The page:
Updated: May 23
PHOTOGRAPHERD. Sutherland D. W. Hood
ARCHITECT John Rhind - Biggar Fountain' 1878 Ornate Victorian gothic drinking fountain with crown head, designed by John Rhind in 1878, commemorates Walter Biggar, one of the founders of the herring trade with the Baltic. The inscription on the Biggar fountain reads 'Presented to the town of Banff in Memory of Walter Biggar Esq. And Mrs. Anne Duff, his wife. 1878.' Biblical inscriptions on the East and West panels
In the 19th and early 20th centuries Scotland’s herring fishing industry became the biggest in the world, and the towns of Banff and Macduff both played their part in that. The ornate fountain erected in Low Street in 1878 is a reminder of Walter Biggar, a pioneer of the Scottish herring trade. He was an Edinburgh merchant, born in 1787, who moved to Banff in 1821 and married local woman Anne Duff. Walter Biggar established the trading links on which the export of herring from the north-east of Scotland to the Baltic were built. The fountain was carved by John Rhind with the inscription ‘Presented to the Town of Banff in memory of Walter Biggar Esq. and Mrs Anne Duff, his wife, 1878.’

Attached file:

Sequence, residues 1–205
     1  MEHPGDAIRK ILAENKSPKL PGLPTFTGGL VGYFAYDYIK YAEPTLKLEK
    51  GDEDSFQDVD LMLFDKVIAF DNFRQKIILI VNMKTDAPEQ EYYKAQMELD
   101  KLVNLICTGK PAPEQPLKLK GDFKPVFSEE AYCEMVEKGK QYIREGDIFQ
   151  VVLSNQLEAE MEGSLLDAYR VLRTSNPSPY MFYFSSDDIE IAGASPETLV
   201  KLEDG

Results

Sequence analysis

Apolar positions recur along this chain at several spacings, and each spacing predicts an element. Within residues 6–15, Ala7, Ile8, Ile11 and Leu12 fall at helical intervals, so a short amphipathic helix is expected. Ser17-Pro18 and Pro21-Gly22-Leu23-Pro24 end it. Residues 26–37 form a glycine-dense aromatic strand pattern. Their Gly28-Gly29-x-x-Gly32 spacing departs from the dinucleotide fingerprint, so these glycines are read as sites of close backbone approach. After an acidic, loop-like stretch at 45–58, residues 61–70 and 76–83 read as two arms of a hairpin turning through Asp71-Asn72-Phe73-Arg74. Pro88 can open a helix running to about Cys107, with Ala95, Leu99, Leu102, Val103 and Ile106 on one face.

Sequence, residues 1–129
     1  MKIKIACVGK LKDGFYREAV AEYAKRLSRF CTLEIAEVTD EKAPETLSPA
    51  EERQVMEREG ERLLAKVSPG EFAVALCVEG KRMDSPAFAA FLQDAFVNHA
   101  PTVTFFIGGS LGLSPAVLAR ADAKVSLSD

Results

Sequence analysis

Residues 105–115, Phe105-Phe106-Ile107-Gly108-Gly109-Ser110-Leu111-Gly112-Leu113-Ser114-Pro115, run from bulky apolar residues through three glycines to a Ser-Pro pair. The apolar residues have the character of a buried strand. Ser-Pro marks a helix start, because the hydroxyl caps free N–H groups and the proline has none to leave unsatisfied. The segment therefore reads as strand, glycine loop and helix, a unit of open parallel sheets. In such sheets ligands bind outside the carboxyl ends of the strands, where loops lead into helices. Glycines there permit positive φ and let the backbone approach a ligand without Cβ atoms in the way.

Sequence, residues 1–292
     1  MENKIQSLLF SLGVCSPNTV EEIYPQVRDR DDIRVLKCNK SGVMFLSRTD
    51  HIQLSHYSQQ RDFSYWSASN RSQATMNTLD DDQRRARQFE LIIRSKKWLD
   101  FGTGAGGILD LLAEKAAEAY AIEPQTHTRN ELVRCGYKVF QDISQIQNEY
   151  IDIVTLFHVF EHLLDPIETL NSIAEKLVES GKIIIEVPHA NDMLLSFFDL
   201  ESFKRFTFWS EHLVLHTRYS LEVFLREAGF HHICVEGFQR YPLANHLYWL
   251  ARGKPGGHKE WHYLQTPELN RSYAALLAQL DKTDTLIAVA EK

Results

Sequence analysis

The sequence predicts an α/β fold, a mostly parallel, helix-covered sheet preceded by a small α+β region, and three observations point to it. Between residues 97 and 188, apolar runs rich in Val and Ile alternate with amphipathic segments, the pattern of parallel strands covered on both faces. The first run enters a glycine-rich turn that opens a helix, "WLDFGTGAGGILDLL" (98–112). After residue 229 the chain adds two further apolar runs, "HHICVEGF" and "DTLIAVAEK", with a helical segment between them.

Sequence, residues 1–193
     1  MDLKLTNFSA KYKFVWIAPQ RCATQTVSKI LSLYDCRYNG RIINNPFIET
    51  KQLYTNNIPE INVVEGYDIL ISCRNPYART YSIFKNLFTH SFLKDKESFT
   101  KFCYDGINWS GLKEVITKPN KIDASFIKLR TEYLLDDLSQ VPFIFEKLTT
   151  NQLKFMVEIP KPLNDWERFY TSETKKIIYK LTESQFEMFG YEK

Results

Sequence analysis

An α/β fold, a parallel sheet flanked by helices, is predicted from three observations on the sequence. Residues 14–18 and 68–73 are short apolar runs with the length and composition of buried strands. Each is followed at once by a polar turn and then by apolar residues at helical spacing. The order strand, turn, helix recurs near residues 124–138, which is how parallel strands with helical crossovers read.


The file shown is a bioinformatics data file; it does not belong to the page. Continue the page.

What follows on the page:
Fishing for herring was not new, but in the 19th century improved methods of preserving allowed large quantities to be quickly caught, cured, packed and exported, particularly to Germany, Eastern Europe and Russia. The fishing fleet followed the shoals of herring around the Scottish coast, and harbors were crammed with boats. As traditional sailboats were replaced by larger ‘steam drifters’, Banff Harbour was too small to accommodate the fleet and many of the boats moved to the deeper Macduff Harbour.
The work of gutting and packing the herring was carried out by women, known as ‘herring lassies’ or ‘gutting quines’. Local girls from Banff and Macduff followed the fishing fleet as far north as Shetland and as far south as Yarmouth.
The booming industry was interrupted by the First World War, and exports to Germany and Russia never recovered in the years that followed.